Tuesday, 22 March 2011

Claims against Social Workers

I appeared as a guest on Radio 5 Live last Thursday in response to a story that had appeared on the BBC News Website about claims against Local Authorities for failing to look after children in care, resulting in them being allowed to remain in abusive environments, instead of being taken into care, to a place of safety. The gist of the online story was that, in times of cutbacks, tax payers should not be burdened with claims for compensation, and that claims instead should be made against the Criminal Injuries Compensation Authority (they are a government body who compensate the victims of crimes of violence). Naturally the tenet of the story got me a little enraged.

I was joined on the news item by Sarah Erwin from solicitors who act on the other side for insurers, and an independent social worker. Almost to my  disbelief, the expert opened by saying he did serious case reviews, and came across cases where the social worker wanted to take the child into care, but was overruled by his/her manager who refused to act on financial grounds. In other words it was too costly to take a child into care. The argument was extended to say that, as resources become more stretched and budget constraints get  worse, the problem will increase.

I explained that the question of individuals not being allowed to make claims against social services where there had been a clear breach of duty of care, was something which had been looked at by not only the House of Lords, but also the European Court, due the state of English Law at the time, which afforded social workers immunity from civil suit.  Human rights law dictated that individuals be free to make claims where appropriate, unhampered by any argument, that it is contrary to public policy that certain types of professional be immune from litigation.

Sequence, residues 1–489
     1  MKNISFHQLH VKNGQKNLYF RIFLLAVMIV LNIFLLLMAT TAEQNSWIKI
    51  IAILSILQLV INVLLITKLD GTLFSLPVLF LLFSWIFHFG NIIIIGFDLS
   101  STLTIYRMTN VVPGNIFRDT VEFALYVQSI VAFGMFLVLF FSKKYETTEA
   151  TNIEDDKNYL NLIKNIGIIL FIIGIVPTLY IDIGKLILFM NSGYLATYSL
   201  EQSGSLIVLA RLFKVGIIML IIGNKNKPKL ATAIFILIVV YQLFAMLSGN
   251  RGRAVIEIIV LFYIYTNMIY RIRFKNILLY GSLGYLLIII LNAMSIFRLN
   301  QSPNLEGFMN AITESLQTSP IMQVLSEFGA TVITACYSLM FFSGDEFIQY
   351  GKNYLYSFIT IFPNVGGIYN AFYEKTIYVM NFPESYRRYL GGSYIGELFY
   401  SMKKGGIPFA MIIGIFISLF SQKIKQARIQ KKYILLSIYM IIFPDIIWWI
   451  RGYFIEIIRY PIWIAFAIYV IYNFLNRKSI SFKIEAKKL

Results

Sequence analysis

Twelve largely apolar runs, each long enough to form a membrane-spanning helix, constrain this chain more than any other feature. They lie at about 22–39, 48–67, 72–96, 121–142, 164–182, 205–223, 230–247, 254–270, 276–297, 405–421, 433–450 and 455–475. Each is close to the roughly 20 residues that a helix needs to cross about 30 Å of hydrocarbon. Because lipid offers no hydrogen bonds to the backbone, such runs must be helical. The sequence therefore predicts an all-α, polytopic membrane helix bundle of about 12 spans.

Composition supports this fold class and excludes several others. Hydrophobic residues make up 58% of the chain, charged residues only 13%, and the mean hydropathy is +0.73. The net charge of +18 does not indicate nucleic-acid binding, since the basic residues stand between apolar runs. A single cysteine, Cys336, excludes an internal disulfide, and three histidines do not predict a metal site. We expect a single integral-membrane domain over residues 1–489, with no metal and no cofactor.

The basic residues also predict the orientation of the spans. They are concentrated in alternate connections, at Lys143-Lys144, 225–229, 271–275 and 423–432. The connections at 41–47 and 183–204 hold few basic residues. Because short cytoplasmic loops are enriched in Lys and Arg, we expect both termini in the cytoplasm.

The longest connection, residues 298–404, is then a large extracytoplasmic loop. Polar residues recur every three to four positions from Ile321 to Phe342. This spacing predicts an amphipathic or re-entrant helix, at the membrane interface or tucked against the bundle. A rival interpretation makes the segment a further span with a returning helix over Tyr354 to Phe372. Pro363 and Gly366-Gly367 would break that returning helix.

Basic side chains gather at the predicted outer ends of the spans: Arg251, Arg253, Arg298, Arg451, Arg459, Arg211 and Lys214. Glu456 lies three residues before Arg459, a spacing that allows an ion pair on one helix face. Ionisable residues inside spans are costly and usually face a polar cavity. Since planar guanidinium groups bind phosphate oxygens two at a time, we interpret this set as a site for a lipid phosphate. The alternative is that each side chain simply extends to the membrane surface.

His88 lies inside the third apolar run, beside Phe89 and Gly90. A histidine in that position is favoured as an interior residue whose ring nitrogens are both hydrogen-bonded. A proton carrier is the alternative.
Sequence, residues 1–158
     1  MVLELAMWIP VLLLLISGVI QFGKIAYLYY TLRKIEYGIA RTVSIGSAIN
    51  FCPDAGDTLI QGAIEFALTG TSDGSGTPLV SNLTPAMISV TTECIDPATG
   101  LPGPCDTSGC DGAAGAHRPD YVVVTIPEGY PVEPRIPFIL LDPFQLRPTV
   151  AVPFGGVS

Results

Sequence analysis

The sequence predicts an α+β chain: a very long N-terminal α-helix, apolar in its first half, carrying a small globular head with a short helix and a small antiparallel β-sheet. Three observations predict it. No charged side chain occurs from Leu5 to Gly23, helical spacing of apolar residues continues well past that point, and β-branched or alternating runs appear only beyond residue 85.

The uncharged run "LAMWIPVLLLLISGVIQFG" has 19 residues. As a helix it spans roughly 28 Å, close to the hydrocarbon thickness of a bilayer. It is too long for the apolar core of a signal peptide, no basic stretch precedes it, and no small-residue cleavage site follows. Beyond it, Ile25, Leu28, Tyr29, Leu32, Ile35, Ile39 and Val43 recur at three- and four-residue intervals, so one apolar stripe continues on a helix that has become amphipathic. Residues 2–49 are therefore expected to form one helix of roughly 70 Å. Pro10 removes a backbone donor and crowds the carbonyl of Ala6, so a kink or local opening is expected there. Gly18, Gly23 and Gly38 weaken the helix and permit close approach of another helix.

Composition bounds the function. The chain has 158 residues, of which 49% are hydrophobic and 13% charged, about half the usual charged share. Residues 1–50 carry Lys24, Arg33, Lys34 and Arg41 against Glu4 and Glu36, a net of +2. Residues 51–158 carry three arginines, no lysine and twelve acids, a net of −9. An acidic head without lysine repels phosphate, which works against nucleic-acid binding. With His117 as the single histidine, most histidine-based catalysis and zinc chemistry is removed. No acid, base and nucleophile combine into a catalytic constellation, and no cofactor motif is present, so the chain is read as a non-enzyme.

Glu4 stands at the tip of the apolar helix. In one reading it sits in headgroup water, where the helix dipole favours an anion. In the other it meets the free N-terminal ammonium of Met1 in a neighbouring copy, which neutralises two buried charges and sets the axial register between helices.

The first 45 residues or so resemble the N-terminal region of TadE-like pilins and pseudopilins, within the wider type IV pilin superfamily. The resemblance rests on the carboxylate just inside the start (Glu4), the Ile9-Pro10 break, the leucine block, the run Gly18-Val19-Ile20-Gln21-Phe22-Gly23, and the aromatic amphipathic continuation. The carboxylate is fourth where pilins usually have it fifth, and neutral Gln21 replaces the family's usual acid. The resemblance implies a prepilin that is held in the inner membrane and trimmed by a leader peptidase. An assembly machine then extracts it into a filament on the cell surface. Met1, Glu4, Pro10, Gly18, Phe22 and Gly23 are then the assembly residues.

It was suggested that if litigation made it unattractive to do social work, there  must be a recruitment  crisis fuelled by compensation claims. I suggested that the government should invest sufficient resources into protecting children from harm, and anything less was unacceptable.

In reality the high cost of claims such as those under discussion are entirely under the control, not of Councils, but their insurers, whose only concern is the saving of money, not the welfare of individuals whose condition will undoubtedly be made worse by an antagonistic, contentious attitude to litigation.

Sad though it may be, the future in the world of cutbacks, does not bode well for the care of children by the welfare state. I am in no doubt that the mistakes being made right now will escalate, and the welfare of children will take more of a backseat to the saving of money caused by government cutbacks. One way of stopping this, it appears to be argued, is to stop people making claims. That is the world of Stalin, not even the severe world of Conservatism.

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